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IMA Tax Policy Blog

New Reports Examine Marijuana Taxation In The U.S.

By Richard Borean, The Tax Foundation — How have states faired so far? What lessons can other states learn? How much federal revenue could marijuana legalization produce?

The nonpartisan Tax Foundation recently released two new reports on the federal and state taxation of marijuana. The first examines how much revenue the federal government could raise in taxes from a fully developed, legal marijuana industry. The second examines the experiences Colorado and Washington have had with taxing marijuana, and provides guidance for states seeking to tax these products in the future.

“Legalization is happening in several states and that number is going to go up. Federal and state policymakers can benefit from the lessons learned in the first few states,” said Tax Foundation Vice President of State and Legal Projects Joseph Henchman.

Marijuana Legalization and Taxes: Federal Revenue Impact examines how much revenue the federal government could raise from taxes on legal marijuana, including business and individual income taxes from added economic activity. The report’s key findings include:

Marijuana tax collections in Colorado and Washington have exceeded initial estimates.

A mature marijuana industry could generate up to $28 billion in tax revenues for federal, state, and local governments, including $7 billion in federal revenue: $5.5 billion from business taxes and $1.5 billion from income and payroll taxes.

A federal tax of $23 per pound of product, similar to the federal tax on tobacco, could generate $500 million per year. Alternatively, a 10 percent sales surtax could generate $5.3 billion per year, with higher tax rates collecting proportionately more.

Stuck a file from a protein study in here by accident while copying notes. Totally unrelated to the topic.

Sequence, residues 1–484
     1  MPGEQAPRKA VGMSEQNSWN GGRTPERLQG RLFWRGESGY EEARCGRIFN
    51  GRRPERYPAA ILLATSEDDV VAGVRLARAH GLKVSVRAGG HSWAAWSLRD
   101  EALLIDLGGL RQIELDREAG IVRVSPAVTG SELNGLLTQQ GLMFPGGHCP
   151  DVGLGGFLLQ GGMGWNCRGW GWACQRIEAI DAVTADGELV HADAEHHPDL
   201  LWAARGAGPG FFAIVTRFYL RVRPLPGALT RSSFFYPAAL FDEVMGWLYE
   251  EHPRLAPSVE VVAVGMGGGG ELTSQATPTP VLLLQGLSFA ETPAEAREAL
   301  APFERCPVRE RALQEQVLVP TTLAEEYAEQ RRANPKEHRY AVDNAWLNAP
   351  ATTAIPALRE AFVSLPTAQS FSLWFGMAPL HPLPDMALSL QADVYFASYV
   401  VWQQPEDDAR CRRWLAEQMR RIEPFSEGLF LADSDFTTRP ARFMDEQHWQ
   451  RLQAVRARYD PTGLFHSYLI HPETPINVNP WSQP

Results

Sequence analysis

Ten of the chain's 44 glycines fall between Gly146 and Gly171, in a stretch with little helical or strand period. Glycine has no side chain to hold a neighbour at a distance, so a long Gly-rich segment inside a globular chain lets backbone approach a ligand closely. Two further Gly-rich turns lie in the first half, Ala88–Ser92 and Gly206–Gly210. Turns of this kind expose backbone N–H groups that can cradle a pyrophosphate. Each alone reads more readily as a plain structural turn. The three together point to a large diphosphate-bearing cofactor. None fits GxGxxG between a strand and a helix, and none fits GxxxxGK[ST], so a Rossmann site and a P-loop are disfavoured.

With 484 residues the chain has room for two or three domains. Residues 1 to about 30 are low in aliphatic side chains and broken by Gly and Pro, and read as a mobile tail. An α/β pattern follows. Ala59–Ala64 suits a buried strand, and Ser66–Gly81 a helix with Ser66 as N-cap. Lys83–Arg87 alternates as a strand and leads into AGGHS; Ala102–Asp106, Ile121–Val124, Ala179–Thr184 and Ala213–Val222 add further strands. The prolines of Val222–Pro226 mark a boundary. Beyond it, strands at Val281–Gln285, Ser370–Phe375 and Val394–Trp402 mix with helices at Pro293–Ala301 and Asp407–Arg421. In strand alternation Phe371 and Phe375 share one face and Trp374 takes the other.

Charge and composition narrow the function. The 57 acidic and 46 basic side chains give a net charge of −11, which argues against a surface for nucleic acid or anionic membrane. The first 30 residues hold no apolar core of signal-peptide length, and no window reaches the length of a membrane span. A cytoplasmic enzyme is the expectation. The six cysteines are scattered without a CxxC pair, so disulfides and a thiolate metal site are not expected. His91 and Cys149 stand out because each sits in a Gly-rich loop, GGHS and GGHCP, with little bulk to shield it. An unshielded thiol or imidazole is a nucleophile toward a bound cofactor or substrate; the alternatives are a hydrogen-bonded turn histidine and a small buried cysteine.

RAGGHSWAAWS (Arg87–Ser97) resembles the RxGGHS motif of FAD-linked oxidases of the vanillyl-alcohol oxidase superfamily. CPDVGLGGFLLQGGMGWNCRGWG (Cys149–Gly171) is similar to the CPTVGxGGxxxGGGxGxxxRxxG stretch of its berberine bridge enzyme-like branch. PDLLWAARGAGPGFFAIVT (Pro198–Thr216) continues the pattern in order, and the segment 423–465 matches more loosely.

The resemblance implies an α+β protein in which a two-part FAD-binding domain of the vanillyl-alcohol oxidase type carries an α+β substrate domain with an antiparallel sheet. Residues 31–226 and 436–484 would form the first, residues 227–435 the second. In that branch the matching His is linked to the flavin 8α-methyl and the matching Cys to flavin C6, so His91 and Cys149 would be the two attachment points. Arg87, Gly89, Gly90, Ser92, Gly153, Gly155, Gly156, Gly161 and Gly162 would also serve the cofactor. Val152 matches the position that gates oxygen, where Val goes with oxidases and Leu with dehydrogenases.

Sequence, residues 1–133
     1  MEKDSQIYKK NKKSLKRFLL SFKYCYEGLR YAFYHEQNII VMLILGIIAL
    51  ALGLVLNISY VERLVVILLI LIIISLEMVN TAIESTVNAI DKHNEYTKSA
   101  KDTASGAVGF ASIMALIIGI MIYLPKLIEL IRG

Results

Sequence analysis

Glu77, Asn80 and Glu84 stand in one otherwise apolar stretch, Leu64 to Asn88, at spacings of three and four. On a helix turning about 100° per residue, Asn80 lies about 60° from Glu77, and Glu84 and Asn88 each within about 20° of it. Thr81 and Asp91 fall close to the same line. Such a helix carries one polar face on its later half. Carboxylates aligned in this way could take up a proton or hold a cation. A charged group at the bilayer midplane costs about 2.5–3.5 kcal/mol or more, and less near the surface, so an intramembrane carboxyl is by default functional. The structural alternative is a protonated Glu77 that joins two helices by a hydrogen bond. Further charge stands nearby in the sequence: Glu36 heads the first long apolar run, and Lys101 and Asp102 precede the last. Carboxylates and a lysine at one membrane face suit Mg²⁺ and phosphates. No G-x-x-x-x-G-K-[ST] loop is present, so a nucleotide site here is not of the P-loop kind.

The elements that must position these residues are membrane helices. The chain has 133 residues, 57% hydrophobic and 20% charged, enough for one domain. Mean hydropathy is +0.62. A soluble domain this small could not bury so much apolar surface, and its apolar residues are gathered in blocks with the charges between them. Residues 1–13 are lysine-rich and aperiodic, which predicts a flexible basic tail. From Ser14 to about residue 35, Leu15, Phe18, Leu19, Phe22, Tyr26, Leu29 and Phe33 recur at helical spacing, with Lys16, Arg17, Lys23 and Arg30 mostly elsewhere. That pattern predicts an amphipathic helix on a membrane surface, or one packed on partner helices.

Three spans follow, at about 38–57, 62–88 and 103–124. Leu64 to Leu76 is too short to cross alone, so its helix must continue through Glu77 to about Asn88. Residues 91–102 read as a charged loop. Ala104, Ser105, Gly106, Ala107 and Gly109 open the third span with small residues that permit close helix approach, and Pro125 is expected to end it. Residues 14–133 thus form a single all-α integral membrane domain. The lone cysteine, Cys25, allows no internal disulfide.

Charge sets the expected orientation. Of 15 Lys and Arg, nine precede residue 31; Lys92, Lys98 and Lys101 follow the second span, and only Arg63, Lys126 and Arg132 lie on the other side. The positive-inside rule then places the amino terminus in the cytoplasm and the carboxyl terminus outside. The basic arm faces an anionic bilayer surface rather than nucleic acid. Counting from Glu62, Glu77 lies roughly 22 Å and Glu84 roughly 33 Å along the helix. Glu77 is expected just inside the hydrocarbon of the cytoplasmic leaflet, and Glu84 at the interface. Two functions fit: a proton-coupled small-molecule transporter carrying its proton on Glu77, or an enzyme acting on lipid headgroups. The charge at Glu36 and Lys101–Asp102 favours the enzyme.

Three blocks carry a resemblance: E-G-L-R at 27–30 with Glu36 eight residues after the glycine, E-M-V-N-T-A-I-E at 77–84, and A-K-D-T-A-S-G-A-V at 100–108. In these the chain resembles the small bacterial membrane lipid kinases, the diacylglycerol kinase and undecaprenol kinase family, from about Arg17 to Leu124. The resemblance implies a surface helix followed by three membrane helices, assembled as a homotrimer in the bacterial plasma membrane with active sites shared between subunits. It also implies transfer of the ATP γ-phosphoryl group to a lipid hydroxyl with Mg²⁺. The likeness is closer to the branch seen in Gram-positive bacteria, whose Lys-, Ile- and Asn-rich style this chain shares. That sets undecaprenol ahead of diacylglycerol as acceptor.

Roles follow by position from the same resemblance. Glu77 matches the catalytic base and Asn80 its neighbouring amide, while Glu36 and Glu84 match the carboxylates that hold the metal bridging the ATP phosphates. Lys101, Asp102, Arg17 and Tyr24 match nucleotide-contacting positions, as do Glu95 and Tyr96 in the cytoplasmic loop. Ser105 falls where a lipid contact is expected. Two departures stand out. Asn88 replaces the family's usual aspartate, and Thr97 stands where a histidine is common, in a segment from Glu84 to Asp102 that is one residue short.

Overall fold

The reduction of societal risk in being engaged in the marijuana trade, as well as the inclusion of taxes, will combine to reduce profits (and tax collections) somewhat from an initial level after national legalization.

Society pays all the costs regardless of legality but tax revenues help offset those costs.

Marijuana Legalization and Taxes: Lessons for States from Colorado and Washington evaluates how marijuana legalization has proceeded in the first states, how taxes are levied and how they’ve changed, and revenue estimates for a marijuana tax for each state (p. 14). The report serves as a checklist for policymakers as they consider whether and how best to build a tax system around this new industry. The report’s key findings include:

Marijuana tax collections in Colorado and Washington have exceeded initial estimates, and a nationwide legalization-and-tax regime could see states raise billions of dollars per year in marijuana tax revenue.

Colorado, Washington, and Oregon have all taken steps to reduce their marijuana tax rates, with Alaska considering it, after initial rates of 30 percent or more did not reduce the black market sufficiently. More recent ballot initiative proposals across the country propose rates between 10 and 25 percent.

Tax rates on final retail sales have proven the most workable form of taxation. Other forms of taxation that have been proposed, such as taxing marijuana flowers at a certain dollar amount, taxing at the processor or producer level rather than the retail level, or taxing products by their level of THC, have faced practical implementation difficulties.

Medical marijuana is usually more loosely regulated and less taxed than recreational marijuana. In Washington, moving nonmedical sales to the retail market has proven difficult given the enormous differentials in tax rates and regulatory structure, and officials there wish the two systems had been tackled simultaneously.

While the revenue can be in the tens or even hundreds of millions of dollars, it takes time to accrue. Revenues started out slowly in Colorado and Washington, as consumers became familiar with the new system and after state and local authorities spent time and money setting up new frameworks and regulatory infrastructure.

Significant attention must be given to health, agricultural, zoning, local enforcement, and criminal penalty issues. These important issues have generally been unaddressed in ballot initiatives and left for resolution in the implementation process.

Source: The Tax Foundation

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